Wingman1977 Wingman1977 is online now
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Mar 2008
The empire state

It would help us to help you if what size display and your budget were posted.
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Old 05-05-2021, 08:26 PM   #8
bubaglobalj bubaglobalj is offline
Mar 2021

Originally Posted by noirjunkie View Post
[...] (until it caught on fire). [...]
Sounds like just a minor inconvenience .
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Old Today, 02:16 AM   #9
captainsolo captainsolo is offline
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Jan 2011

Sony's last XBR HDCRTs are beauties to behold. I still adore my xbr960 which is the finest model they ever released. Like anything it has its own quirks you find out firsthand and is a beast to move. Currently I juggle between it and an ST60 plasma and to be honest here's what you'll run into:

The xbr has black levels that are so pure you won't believe it. It also doesn't have the high burn in potential of the plasma. The onboard comb filter and ntsc red push defeat Sony developed means that all standard def content looks STUNNING with no visible scanlines. Laserdisc in particular shines as does DVD. On the plasma LD looks pretty good but DVD looks crummy.
The big downsides about the Sony XBR HDCRTs outside of the size are:
-having to learn to do basic geometry yourself with the service menu. It's a little bit of a learning curve but you can make basic overscan adjustments pretty easily. It's the geometry that's tougher. Eventually with patience you can get it very good if not perfect.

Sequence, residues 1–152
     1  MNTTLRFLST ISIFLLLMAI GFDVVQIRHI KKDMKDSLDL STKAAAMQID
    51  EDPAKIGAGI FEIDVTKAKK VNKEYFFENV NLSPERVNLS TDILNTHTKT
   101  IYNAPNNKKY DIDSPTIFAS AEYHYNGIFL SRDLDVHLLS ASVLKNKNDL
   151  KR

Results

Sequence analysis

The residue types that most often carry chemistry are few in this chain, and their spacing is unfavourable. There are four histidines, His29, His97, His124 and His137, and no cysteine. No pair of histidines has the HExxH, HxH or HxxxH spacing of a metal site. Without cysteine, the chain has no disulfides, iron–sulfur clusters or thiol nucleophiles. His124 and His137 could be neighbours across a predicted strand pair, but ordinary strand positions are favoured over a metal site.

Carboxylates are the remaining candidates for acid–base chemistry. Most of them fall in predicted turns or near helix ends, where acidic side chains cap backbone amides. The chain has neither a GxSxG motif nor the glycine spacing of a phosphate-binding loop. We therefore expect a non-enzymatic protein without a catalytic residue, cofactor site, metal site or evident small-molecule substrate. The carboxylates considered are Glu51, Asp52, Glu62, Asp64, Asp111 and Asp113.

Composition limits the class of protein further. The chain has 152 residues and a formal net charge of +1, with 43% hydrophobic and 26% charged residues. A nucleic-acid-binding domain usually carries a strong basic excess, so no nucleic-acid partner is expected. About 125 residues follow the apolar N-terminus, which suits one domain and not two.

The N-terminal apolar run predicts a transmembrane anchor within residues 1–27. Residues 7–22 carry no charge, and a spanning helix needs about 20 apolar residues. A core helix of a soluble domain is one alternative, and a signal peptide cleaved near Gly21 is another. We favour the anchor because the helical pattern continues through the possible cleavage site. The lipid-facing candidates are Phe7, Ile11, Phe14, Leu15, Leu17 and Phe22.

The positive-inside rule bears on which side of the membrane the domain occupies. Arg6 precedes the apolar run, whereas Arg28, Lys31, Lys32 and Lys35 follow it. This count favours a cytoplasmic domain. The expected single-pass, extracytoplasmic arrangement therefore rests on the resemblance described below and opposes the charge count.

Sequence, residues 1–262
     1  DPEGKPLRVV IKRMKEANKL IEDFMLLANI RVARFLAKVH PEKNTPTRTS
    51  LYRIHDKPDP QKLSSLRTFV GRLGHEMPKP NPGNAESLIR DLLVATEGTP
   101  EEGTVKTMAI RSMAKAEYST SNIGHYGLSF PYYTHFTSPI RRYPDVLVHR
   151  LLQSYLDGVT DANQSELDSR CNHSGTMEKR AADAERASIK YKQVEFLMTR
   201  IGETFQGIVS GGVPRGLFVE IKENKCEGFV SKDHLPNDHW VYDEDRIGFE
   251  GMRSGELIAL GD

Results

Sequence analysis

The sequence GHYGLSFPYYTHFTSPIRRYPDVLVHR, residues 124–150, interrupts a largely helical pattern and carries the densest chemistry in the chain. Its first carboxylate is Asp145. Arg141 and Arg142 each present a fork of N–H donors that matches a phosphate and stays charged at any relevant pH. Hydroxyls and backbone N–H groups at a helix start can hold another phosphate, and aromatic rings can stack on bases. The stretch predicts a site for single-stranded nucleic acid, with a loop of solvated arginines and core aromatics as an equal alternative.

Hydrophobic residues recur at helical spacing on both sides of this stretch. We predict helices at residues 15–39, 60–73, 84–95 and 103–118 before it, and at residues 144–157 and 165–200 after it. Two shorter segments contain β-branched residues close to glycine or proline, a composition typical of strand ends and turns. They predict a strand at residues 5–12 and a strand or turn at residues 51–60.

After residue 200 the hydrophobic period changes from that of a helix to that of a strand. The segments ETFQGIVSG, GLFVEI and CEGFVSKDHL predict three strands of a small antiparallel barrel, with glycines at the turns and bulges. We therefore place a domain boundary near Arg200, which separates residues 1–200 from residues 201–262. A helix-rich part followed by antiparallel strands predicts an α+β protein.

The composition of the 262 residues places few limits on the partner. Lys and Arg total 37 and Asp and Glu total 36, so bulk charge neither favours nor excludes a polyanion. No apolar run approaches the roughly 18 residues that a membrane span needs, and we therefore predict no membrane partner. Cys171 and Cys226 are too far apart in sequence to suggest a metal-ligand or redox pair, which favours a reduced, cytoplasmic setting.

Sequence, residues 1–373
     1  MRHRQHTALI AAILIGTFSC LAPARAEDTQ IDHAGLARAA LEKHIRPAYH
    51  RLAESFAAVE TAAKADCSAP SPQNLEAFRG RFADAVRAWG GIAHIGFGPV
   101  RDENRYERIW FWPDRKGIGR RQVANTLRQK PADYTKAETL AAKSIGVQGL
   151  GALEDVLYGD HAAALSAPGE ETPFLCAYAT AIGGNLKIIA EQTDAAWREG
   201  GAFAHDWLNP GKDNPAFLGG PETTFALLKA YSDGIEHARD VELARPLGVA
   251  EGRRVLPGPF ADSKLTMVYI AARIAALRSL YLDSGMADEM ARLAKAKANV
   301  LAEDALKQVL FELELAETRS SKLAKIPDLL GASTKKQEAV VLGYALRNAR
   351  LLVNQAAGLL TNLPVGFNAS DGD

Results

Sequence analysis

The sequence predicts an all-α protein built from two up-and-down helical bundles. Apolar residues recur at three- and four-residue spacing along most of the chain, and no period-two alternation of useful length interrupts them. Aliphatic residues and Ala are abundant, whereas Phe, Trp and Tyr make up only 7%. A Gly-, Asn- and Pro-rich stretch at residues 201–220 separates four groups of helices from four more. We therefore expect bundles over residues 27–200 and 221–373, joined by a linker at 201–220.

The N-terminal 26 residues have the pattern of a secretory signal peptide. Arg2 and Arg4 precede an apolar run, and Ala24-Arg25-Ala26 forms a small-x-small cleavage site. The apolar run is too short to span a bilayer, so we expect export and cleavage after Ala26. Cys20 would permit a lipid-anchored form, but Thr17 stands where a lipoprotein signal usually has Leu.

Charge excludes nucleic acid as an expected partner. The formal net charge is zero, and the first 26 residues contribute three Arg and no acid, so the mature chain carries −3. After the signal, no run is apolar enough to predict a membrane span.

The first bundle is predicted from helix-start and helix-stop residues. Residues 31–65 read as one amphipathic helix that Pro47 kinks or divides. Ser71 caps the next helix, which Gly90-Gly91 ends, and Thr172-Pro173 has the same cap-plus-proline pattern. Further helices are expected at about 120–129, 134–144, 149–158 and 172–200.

-The resolution is like 1440x1080i so you won't be getting the full resolution of a Blu-ray disc as a plasma would at full 1080p-but the image is ridiculously filmic even though it's 1080i and downrezzing slightly.
-Gaming works pretty well with only a slight input lag but not necessarily advisable for retro games where you want zero lag and visible scanlines-though games are still playable.
-Eventually the power board chips go out and you get the blinking light/tv won't turn on problem. (this is why most sets are thrown out. They're still perfectly fine.) These are super cheap little pieces that have to be replaced and then the TV is good as new. Since I'm not a repair expert I was able to find a local TV technician who knew CRTs and he came out to replace them for me. Cost of the chips plus repair was $70 total.
-The big one I had no idea about until getting the TV setup is that Sony had to combat flicker and thus there is some phosphor lag in the xbr series. It's not visible to everyone and eventually you get used to it but when objects move fast against a dark background especially starfields you'll see a little bit of trailing at times.

Plasma positives:
-full 1080p and 3D on some sets
-beautiful picture once calibrated and with a good model in good shape.
Plasma downsides:
-Very easy to get burn in
-Very difficult to find a good condition low hours panel in 2021 at a cheap price
-not good for gaming as most plasmas have high input lag and HUD will cause burn in
-SD content doesn't look so good
-My st60 has awful lip sync issues which means I have to disable 24p to get proper lipsync again. Every option I've tried doesn't help whatsoever.

It'll take you ages to find a top end Pioneer or Panasonic plasma in good shape for cheap but they're the best for pure 1080p and of course 3D.

But you can find absolutely minty flagship HDCRTs for free or next to nothing if you keep an eye out. The Toshiba cinema series are supposed to be close to the Sony XBRs but the latter is where the action really is-accept no other HDCRTs. Sony really achieved magic with these sets and you've never really seen SD look this good on a tube display before. I am still shocked by what the 960 can do and am now going on five years of ownership. I regularly run blu-rays on it and they look amazing in spite of it being a TV set from before the format's existence.

So for a budget setup or something to have fun with I say go for a hdcrt if you find one. They're so much fun and incredibly rewarding.